Oct. 26, 2010
Your Punishment in Hell
Someone will douse a cobra in gasoline,
light the sucker, and shove it headfirst
down your throat. It'll speed straight
through your esophagus, unfurl
its hood to fill your stomach
then begin to strike and strike and strike
and strike and strike: fangs pierce
your stomach, venom pours in,
the little burn of incipient ulcers
grows quick, paralysis sets in.
Your lungs stop before your brain,
before your hand, which lifts
to your mouth the plastic-lidded
paper cup holding the caramel
macchiato cappuccino with a double
shot of espresso and frothed soy milk
topped with two shakes of cinnamon
and no, NO (yes, you said no twice)
sugar that was made for you
slowly, while I, already running late,
waited behind you for a simple,
already-made black coffee.
You will lose all motion before
that drink reaches your mouth,
but you recover and the drink,
strangely, has vanished, and barrista
and cobra-douser-slash-lighter do it all again
and again. I know this because,
for my angry impatience,
I am behind you in line in hell
forever, the pot of black coffee
behind the counter steaming,
turning, I know, bitter.
It's the birthday of poet Andrew Motion, (books by this author) born in London (1952), whose collections include The Pleasure Steamers (1977), Secret Narratives (1983), Dangerous Play (1984), Natural Causes (1987), Love in a Life (1991), Salt Water (1997), A Long Story (2001), and Public Property (2002). From 1999 until last year, he was Britain's poet laureate.
While a student at Oxford, he studied poetry in one-on-one tutorials with W.H. Auden, which he said was "like spending an hour each week in the presence of God." He published his own first volume of poetry at the age of 24, and he got a job teaching English at the University of Hull, where the librarian was poet Philip Larkin. They became good friends. After Larkin's death in 1985, Motion wrote an award-winning biography of Larkin.
He gets up early and says that he writes each morning from six o'clock until nine or ten, and that he considers this "sacred time." He said, "If I can carry without spilling whatever it is that drips into my head in the night to my desk, then that's valuable."
He said: "My poems are the product of a relationship between a side of my mind which is conscious, alert, educated and manipulative, and a side which is as murky as a primeval swamp [...] I want my writing to be as clear as water. No ornate language; very few obvious tricks. I want readers to be able to see all the way down through its surfaces into the swamp. I want them to feel they're in a world they thought they knew, but which turns out to be stranger, more charged, more disturbed than they realized."
He's the author of a novel The Invention of Dr. Cake (2003), inspired by the life of John Keats, and a memoir, In the Blood (2006). His most recent book of poems came out last year; it's called The Cinder Path (2009).
It's the birthday of president of Bolivia, Evo Morales, born on this day in 1959 in Orinoca, Bolivia. He's the leader of Movement for Socialism, a political party devoted to closing the gap between rich and poor by passing land reform laws — and also laws that redistribute profits made from drilling in Bolivia's natural gas reserves. He was elected president in December of 2005 and re-elected in December 2009.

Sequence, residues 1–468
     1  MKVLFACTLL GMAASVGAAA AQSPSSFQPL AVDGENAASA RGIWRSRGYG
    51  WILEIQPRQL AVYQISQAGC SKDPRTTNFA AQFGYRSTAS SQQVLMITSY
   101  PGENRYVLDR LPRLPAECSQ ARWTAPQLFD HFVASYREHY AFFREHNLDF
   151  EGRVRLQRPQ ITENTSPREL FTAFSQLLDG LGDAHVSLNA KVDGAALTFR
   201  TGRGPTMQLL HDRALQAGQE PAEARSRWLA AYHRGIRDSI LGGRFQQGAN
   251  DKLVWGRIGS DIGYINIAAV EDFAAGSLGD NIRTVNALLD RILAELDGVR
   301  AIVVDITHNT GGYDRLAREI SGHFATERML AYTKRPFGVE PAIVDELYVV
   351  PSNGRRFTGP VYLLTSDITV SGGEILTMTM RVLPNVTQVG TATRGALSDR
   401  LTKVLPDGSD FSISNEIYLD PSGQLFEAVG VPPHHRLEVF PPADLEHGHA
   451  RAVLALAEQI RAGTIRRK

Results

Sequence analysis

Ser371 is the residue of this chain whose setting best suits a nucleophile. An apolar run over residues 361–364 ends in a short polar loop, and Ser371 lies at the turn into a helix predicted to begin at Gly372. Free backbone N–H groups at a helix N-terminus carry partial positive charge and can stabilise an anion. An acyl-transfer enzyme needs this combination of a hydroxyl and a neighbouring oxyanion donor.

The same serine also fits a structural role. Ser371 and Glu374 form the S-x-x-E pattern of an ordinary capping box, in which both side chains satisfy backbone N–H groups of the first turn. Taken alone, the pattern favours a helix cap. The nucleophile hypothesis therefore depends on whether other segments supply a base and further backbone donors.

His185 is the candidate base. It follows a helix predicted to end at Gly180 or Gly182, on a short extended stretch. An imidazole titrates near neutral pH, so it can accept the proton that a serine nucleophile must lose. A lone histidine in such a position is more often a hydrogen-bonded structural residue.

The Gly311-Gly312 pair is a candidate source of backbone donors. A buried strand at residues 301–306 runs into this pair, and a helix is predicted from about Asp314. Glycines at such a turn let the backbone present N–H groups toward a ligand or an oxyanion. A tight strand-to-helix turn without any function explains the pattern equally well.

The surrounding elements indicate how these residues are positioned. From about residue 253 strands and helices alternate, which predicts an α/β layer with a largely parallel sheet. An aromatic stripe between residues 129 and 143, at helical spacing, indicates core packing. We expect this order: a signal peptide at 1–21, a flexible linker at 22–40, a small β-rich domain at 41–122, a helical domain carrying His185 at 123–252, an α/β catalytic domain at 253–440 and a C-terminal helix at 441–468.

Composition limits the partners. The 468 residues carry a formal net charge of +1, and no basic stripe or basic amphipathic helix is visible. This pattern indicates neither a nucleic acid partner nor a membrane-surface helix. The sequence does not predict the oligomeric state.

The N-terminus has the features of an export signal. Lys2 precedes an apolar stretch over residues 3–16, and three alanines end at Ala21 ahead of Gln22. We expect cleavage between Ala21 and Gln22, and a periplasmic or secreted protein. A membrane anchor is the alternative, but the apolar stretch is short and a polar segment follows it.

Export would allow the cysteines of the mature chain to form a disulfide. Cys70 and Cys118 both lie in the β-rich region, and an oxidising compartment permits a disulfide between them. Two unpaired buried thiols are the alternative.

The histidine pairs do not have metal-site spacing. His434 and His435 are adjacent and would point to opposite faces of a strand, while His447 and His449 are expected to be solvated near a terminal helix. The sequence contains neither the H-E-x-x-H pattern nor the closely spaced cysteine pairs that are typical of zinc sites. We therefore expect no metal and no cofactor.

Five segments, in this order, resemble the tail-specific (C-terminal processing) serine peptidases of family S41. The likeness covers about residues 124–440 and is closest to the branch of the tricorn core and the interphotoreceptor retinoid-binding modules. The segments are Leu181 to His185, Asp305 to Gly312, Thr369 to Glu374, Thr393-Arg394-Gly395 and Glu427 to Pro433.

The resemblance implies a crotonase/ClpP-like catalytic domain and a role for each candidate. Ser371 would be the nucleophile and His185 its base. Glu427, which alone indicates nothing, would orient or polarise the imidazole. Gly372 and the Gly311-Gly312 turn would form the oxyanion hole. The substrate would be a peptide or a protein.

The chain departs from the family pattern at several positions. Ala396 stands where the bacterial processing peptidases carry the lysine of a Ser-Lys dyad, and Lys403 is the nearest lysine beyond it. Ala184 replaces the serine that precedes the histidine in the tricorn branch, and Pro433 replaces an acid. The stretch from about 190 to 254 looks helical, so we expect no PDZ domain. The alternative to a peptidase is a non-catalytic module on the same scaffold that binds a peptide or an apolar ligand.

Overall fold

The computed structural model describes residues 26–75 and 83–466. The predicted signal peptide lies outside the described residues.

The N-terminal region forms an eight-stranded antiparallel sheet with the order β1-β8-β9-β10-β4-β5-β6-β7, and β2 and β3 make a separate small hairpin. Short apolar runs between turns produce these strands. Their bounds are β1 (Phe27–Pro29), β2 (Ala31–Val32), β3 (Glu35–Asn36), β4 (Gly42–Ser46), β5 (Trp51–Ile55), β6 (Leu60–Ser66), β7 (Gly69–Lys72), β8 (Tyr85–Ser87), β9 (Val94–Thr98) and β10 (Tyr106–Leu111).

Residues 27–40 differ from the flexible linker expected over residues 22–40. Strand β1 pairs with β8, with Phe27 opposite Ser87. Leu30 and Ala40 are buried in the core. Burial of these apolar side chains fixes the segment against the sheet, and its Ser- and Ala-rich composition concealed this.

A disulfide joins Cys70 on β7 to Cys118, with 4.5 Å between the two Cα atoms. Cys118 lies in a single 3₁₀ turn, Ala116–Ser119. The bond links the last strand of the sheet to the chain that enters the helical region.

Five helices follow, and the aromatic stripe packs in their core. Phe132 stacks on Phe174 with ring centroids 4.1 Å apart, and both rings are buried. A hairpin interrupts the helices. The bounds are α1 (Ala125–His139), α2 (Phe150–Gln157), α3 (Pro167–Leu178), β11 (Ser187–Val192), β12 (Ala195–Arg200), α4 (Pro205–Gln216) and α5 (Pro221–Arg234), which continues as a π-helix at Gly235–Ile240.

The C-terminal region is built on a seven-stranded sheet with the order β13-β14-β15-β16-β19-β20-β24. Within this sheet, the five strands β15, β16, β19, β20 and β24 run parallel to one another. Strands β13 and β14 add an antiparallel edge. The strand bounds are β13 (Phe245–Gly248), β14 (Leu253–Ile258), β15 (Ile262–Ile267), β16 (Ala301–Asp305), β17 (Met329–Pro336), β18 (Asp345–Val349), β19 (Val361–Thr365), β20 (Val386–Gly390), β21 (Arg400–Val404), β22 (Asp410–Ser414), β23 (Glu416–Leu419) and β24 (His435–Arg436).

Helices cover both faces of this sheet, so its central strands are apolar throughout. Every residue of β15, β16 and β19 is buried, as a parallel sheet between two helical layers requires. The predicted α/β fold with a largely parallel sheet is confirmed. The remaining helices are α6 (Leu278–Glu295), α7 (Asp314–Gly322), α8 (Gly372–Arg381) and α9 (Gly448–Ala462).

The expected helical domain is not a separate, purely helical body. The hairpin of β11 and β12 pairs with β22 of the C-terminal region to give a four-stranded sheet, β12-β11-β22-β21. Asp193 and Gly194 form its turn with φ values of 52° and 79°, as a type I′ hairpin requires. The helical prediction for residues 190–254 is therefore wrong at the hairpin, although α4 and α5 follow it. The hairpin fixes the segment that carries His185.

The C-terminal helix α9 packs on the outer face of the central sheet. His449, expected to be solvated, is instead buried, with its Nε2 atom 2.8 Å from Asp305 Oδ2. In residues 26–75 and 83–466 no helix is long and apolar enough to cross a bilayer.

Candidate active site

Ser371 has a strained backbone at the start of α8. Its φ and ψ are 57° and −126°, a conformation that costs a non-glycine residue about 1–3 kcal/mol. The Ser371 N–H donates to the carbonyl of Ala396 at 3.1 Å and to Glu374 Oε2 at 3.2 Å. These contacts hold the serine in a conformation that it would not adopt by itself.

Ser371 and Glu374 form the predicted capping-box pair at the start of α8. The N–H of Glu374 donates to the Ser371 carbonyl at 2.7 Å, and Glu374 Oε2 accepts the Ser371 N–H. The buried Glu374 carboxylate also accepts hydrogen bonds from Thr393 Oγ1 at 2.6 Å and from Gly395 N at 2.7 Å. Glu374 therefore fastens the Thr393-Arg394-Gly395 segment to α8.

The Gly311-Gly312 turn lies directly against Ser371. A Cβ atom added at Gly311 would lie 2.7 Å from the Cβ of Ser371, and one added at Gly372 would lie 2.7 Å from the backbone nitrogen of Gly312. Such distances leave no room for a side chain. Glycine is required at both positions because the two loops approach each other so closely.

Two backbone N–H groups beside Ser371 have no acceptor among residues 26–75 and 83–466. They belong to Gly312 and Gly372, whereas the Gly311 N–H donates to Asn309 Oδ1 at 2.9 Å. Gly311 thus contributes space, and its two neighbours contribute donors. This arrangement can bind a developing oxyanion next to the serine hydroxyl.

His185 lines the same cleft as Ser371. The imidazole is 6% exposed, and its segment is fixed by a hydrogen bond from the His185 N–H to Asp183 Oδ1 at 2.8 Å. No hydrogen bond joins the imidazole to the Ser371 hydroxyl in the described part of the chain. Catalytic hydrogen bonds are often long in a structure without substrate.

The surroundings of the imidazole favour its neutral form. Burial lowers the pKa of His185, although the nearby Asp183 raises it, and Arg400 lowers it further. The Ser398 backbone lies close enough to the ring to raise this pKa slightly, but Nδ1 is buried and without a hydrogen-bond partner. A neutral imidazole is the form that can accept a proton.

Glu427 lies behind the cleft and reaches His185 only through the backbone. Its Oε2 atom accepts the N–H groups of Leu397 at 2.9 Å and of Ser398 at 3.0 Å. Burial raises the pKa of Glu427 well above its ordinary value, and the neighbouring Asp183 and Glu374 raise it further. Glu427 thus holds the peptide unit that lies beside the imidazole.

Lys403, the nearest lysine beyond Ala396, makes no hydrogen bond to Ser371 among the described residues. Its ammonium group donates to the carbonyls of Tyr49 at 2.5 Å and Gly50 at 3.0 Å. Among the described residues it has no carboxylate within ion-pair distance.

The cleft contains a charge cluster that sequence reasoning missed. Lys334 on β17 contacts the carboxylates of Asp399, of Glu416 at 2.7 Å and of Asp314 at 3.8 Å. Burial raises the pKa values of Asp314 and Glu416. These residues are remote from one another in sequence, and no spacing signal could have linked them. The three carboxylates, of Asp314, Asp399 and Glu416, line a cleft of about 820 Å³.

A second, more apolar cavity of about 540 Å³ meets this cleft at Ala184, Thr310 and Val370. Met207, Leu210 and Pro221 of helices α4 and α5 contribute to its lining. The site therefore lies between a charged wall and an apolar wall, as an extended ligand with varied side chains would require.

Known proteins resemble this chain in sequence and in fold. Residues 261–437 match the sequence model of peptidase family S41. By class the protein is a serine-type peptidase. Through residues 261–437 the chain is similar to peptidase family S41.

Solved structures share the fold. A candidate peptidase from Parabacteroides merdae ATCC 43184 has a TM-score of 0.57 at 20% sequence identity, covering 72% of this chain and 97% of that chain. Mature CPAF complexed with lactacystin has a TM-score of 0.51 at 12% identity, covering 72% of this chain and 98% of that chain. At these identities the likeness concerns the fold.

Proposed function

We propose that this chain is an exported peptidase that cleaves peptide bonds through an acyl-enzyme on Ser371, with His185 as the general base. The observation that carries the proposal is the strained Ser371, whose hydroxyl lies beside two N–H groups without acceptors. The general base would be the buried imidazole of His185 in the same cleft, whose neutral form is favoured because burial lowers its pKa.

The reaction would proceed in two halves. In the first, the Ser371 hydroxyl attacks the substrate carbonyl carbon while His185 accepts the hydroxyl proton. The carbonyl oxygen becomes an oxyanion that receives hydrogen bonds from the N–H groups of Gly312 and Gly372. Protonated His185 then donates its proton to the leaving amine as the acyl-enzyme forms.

He spent his childhood as a migrant laborer, harvesting sugar and herding llamas, and was leader of the Coca Growers Union when he was elected. He's not married, and his older sister acts as first lady. He doesn't wear suits and ties, instead showing up to meetings with world leaders in a striped sweater. On his 100th day in office, which was May Day 2005, he nationalized all of the natural gas fields, including fields owned by BP and ExxonMobil.
There's a documentary out about him; it's called On the Road with Evo (2006).
It's the anniversary of the opening of the Erie Canal in 1825. It was built to connect the Atlantic Ocean with the Great Lakes. The canal was 360 miles long, 40 feet wide, and four feet deep — just deep enough to float barges carrying 30 tons of freight.
It was on this day in 1900 that Henry James wrote his first letter to the budding novelist Edith Wharton, beginning a long friendship. Wharton (books by this author) was an admirer of James's (books by this author) work, and she sent him one of the first short stories she ever wrote, about a young woman in Europe. He wrote back to say that he liked the story but he also said, "Be tethered in native pastures, even if it reduces [you] to a back-yard in New York." His advice inspired her to write about the New York society she'd grown up in, and the result was The House of Mirth (1905), which became her first big success.
It's the birthday of the novelist Pat Conroy, (books by this author) born in Atlanta (1945), whose mother read him Gone with the Wind and told him stories about her aristocratic ancestors, even though she never had any. He said, "She was poor white trash who spent her whole life denying it as bitterly and vehemently as she could ... [she] was really the first fiction writer in the family." Conroy went on to write a series of best-selling novels about dysfunctional Southern families, including The Great Santini (1976) and The Prince of Tides (1986).
Be well, do good work, and keep in touch.®